For more than 50 years, Federal law has protected workers from discrimination based on national origin - that is, from discrimination based on place of origin or on membership in a particular national origin (ethnic) group. The apprenticeship Equal Employment Opportunity (EEO) regulations also prohibit sponsors from discriminating against apprentices or applicants for apprenticeship programs on the basis of national origin, and require sponsors to take other proactive steps to ensure equal employment opportunity.
Frequently Asked Questions
National origin discrimination involves treating apprentices or applicants for apprenticeship differently because they are from a particular country or part of the world, or because they are or appear to be of a certain ethnic background (whether or not they are). National origin discrimination can also involve treating people unfavorably because they are married to, or associate with, a person of a particular national origin. Individuals cannot be denied equal employment opportunity because of their birthplace or ancestry, or because of the culture or linguistic characteristics associated with their ethnic group. Adverse treatment because an individual is Native American or a member of a particular tribe is an example of national origin-based discrimination.
While national origin is separate from citizenship or immigration status, employment discrimination based on citizenship status may be unlawful national origin discrimination if it has the purpose or effect of discriminating based on national origin.
The apprenticeship EEO regulations prohibit discrimination on the basis of national origin in every aspect of apprenticeship programs - recruiting, hiring and advancement; wages and benefits; work assignments; discipline, layoffs and discharge; provision of related instruction; and any other term, condition or privilege of employment or apprenticeship.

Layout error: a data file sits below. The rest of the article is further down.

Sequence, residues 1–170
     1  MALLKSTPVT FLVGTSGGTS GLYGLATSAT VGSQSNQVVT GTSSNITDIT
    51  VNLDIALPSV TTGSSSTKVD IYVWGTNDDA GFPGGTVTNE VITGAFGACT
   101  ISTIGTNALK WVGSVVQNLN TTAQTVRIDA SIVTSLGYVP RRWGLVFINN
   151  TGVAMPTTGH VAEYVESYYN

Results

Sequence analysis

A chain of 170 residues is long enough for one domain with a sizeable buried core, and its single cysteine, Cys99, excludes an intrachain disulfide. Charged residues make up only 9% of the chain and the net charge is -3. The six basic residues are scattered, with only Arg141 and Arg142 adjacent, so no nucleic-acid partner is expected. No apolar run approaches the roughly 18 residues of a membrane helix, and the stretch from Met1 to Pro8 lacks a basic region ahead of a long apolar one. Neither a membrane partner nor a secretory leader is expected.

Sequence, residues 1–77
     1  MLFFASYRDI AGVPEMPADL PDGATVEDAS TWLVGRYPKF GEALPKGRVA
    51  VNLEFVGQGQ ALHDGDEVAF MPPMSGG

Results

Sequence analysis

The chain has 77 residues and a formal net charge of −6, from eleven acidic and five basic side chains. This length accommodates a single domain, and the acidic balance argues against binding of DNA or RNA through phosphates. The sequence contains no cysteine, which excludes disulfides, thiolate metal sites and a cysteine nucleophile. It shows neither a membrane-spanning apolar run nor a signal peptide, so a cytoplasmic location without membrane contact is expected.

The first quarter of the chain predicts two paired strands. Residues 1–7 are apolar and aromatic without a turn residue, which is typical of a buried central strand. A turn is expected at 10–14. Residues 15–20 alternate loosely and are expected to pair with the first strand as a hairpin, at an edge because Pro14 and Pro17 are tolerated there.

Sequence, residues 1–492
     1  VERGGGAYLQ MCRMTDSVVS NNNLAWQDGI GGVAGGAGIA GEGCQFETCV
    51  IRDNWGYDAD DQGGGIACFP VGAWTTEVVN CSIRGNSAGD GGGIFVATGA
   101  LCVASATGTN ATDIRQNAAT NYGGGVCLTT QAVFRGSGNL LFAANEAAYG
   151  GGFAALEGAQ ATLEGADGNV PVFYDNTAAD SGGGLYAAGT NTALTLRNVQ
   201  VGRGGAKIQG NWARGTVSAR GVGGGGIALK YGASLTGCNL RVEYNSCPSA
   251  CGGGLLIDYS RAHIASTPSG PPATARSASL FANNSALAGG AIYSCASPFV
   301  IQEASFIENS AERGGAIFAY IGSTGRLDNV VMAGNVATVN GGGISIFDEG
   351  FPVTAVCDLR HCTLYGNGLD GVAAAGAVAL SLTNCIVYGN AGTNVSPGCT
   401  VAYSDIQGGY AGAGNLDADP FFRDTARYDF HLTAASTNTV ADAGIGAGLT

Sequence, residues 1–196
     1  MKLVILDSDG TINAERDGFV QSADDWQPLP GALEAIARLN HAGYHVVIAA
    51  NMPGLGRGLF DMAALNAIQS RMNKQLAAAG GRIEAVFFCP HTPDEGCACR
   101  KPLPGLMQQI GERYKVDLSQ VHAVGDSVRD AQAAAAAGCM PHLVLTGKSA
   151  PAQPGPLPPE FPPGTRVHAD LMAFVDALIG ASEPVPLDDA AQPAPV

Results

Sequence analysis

Harassment on the basis of national origin is a form of discrimination under the apprenticeship EEO regulations. Unwelcome workplace harassment based on a protected characteristic, such as national origin, is unlawful when acceding to or tolerating it is made a condition of employment, or when it creates an intimidating, hostile or offensive working environment that interferes with the individual's work performance. Sponsors are responsible for preventing or promptly correcting unlawful harassment on the basis of national origin by supervisors, journeyworkers, co-workers and/or other apprentices, and customers. More information on the prevention of harassment can be found on the Anti-Harassment Training Resources page .
Apprentices also have the right to be free from intimidation and retaliation for opposing national-origin discrimination or for participating in inquiries into such discrimination in their workplace.
For affirmative action purposes, apprenticeship sponsors must maintain certain demographic information about applicants and apprentices, including national origin, so that they can analyze and monitor the composition of their apprenticeship workforces. One way to obtain this information while also guarding against discriminatory employment actions is to use a separate form to gather it from applicants, and to keep the information about an applicant's national origin separate from the information that will be the basis for hiring and other employment decisions. In addition, sponsors may obtain information about each apprentice's national origin from the Program Registration and Apprenticeship Agreement form (OMB #1205-0223, ETA Form 671 ), Apprentice Registration - Section II, which each apprentice must complete upon entering the program and which sponsors must report to the Office of Apprenticeship.
A sponsor may not base any employment decision on an apprentice's accent, unless the ability to communicate in spoken English is required to perform job duties effectively and the apprentice's accent materially interferes with that job performance. Similarly, an English-language fluency requirement is only permissible if it is required for effective performance on the job, and an English-only rule is only permissible if it is necessary to promote safe and efficient job performance or safe and efficient business operations.